When in Denmark: Kanelsnurrer

When in Denmark: Kanelsnurrer

Aarhus, Denmark... Where do I begin? For starters, it's a foodies heaven and an artist's sanctuary. The city is rich in culinary marvels including the most delicious breads and pastries imaginable. Among my favourites, Nummer 24 and La Cabra rank among the highest. Both sitting conveniently just doors down from one another (my metabolism cursing me for that very reason), so there's no way to really miss them. This year I decided to take on a little project of making a few Danish recipes, because as they say when in Rome, do as the Romans.... the very first on the list naturally was Kanelsnurrer filled with cinnamon, cardamom and marzipan. Now I was a bit hesitant to give them to our Danish friends here, worried that they would disregard my attempt as utterly touristic (insert sad face here). However, the results rung a different bell... they loved it! So much so, that more rolls were requested (I think I passed the "tastes like my mother made this" test). I find this recipe the perfect balance of dough (just doughy enough) and aromatic sweetness. I must say, I don't identify with much of a sweet tooth but I do enjoy a good European pastry. So go ahead, give it a try and then proceed to convince yourself you need to move to Denmark, because I'm right behind you. Lad os begynde!



Kanelsnurrer: Danish Cinnamon, Cardamom and Marzipan Twists

Once again I have lost the source of this recipe. However, if I ever do come across it again I will surely update this section.




22g fresh yeast

250 ml whole milk

80g unsalted butter

1 tbsp sugar

1/2 tsp salt 

1 tsp ground cardamom

1 egg

650g all-purpose flour


80g unsalted butter, softened

90g brown sugar

75g marzipan

1/2 tsp pure vanilla powder (1 tsp vanilla extract)

1 tsp ground cardamom (more/less depending on personal taste)



1. Warm up milk and butter (for dough) in a small sauce pan, until butter is just melted and let cool until you can leave your finger comfortably for a few seconds. Crumble fresh yeast in a large bowl and then add the milk and butter mixture. Gently stir until yeast has dissolved. Add sugar, salt, ground cardamom and egg and gently whisk until uniform. 

2. Slowly add flour, stirring with a wooden spoon every time more flour is added. This step is important, if you add the flour all at once you risk the possibility of using too much flour thus resulting in too dry of a dough (I used just around 600g of flour and added more during kneading ). There is no pressure to use all of the flour suggested if you feel that your dough is good enough; it should be a little bit sticky. Continue by kneading the dough for 10 minutes. Place dough in a lightly greased bowl, cover with a tea towel and let rise for 1 hour.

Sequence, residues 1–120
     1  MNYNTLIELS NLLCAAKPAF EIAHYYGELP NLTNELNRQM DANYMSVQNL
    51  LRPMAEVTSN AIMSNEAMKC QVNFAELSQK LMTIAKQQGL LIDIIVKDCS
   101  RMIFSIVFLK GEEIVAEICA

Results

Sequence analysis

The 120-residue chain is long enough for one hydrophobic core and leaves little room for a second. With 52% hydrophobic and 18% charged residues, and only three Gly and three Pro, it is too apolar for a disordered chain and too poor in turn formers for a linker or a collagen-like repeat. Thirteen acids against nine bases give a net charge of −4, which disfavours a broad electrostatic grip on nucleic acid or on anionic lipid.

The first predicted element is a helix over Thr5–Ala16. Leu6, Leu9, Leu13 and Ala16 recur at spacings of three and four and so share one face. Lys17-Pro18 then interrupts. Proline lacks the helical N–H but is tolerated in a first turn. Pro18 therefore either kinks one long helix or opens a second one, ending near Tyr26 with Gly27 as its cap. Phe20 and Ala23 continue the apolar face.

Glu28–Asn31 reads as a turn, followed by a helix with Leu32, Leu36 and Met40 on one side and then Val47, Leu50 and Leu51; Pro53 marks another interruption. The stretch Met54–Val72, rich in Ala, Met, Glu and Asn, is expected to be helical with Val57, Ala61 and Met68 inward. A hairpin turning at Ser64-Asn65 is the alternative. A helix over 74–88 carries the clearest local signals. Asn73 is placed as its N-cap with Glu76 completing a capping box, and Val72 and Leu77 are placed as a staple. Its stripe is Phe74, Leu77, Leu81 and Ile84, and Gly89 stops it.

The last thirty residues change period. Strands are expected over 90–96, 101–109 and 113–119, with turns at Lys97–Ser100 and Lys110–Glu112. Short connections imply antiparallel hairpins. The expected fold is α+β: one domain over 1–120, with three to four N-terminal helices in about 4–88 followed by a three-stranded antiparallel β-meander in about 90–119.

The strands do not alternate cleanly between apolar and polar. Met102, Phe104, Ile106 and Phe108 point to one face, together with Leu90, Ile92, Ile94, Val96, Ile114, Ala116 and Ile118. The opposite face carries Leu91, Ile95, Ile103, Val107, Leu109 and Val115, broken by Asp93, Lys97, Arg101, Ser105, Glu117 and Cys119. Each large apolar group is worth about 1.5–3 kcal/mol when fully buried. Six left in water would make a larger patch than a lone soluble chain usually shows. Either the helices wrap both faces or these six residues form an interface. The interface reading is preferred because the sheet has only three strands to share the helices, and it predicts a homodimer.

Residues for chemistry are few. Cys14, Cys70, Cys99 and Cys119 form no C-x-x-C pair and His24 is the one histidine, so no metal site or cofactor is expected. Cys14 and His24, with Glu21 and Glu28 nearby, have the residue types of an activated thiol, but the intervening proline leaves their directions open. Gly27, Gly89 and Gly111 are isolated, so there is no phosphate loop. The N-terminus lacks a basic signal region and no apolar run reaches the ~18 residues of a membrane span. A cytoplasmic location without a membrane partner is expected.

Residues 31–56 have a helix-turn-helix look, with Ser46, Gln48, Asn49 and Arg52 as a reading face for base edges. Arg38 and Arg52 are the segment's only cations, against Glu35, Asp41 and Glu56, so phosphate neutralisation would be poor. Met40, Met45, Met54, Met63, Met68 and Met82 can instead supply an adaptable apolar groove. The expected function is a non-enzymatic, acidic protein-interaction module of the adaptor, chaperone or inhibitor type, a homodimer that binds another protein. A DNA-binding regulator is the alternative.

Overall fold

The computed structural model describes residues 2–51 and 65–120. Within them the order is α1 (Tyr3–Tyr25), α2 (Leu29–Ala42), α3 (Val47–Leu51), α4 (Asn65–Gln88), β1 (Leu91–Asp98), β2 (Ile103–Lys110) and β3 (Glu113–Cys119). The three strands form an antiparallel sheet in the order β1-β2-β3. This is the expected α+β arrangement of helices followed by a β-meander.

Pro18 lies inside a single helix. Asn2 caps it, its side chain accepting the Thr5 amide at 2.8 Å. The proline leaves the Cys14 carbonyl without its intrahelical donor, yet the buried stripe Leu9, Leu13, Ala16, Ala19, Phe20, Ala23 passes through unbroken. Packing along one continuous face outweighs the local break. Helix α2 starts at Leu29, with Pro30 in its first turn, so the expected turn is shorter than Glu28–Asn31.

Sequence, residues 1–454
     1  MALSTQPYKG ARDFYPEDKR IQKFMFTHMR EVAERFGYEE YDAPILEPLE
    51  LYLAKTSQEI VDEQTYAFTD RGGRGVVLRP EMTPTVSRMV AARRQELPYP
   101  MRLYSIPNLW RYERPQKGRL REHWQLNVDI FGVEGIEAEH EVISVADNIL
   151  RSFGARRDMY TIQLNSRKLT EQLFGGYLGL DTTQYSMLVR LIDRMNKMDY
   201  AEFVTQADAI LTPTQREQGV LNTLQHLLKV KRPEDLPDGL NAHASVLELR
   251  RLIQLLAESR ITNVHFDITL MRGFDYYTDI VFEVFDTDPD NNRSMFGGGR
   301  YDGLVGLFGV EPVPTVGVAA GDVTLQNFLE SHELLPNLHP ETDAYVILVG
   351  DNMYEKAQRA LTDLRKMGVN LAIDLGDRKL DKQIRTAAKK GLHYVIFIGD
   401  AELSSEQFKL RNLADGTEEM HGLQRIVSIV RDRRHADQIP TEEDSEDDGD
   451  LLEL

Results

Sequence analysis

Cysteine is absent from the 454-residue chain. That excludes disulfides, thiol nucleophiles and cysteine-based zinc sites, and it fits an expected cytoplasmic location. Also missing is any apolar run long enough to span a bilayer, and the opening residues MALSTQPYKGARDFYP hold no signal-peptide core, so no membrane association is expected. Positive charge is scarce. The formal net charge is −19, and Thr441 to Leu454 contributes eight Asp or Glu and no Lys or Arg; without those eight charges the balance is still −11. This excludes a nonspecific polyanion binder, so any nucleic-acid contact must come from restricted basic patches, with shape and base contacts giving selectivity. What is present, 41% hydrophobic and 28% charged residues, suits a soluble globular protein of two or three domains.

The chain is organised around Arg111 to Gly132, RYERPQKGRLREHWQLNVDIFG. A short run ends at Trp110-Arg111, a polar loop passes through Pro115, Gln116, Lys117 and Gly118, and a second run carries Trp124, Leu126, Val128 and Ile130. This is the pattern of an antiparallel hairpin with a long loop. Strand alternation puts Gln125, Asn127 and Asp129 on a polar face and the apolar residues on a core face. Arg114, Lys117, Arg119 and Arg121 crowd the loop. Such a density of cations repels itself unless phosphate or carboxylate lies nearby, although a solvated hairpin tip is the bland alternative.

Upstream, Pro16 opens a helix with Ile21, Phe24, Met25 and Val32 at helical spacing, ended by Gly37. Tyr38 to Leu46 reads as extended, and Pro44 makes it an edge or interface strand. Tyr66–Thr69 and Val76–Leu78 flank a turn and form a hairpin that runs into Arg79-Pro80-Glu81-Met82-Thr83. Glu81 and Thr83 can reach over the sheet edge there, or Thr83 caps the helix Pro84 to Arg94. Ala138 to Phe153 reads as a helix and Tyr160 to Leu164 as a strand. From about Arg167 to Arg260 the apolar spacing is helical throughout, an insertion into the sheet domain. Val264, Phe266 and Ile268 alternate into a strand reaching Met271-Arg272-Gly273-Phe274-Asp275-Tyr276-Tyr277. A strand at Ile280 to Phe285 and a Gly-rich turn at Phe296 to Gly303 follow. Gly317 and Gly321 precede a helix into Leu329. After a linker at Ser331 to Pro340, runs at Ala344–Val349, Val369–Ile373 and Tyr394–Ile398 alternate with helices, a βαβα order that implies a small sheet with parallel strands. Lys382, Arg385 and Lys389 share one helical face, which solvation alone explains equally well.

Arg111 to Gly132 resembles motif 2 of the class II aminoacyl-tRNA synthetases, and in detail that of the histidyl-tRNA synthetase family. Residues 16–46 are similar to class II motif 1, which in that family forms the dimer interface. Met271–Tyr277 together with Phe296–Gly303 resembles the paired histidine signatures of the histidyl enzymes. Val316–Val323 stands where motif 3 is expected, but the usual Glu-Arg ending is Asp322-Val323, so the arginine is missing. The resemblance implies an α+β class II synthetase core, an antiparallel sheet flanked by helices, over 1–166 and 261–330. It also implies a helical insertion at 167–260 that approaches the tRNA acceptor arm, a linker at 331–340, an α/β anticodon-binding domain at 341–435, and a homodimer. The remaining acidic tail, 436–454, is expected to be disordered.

3. While your dough is rising, start making the filling. Either add all the ingredients to a food processor until a uniform paste forms or use a fork and break the ingredients down and mix in a bowl (a little more energy needed for this route). 

4. On a lightly floured surface, roll out the dough into a roughly 12in x 15in rectangle. Evenly spread filling over the surface of the dough, making sure to get the edges as well. Fold over the dough as if you're folding a letter to go into an envelope (imagine evenly dividing the dough in three sections and folding them over each other). Roll dough out once more to thing out the dough back to a 12x15 inch rectangle. Cut dough into long strips about 1.5 inches, should make 10-12 strips. Slice each strip down the middle once again, only stopping with 1inch left at the end. Hold down the uncut portion and twist the two strips together. Still holding down the uncut portion, twist around the rest of the dough around two fingers, forming a cone shape. Continue by feeding the end of the strip through the opening at the peak of the cone. Place on a sheet pan lined with parchment paper, once all are done let them rise for another 45 minutes. 

5. Bake at 200C/392F for 15-20 minutes or until golden brown. Let cool and enjoy for breakfast with coffee or afternoon tea! 



  • I'm a filling person... most definitely. However, I liked the dough to filling ratio. If however, you like a bit more of a gooey inside, you can surely double the filling recipe and cook for a little longer. 
  • If you are having difficulty achieving the twists to look desirable, I have linked a site that has demo for your guidance. The website is entirely in Danish but if you scroll to the bottom of the page you will see images with a step by step process. Click here for the demo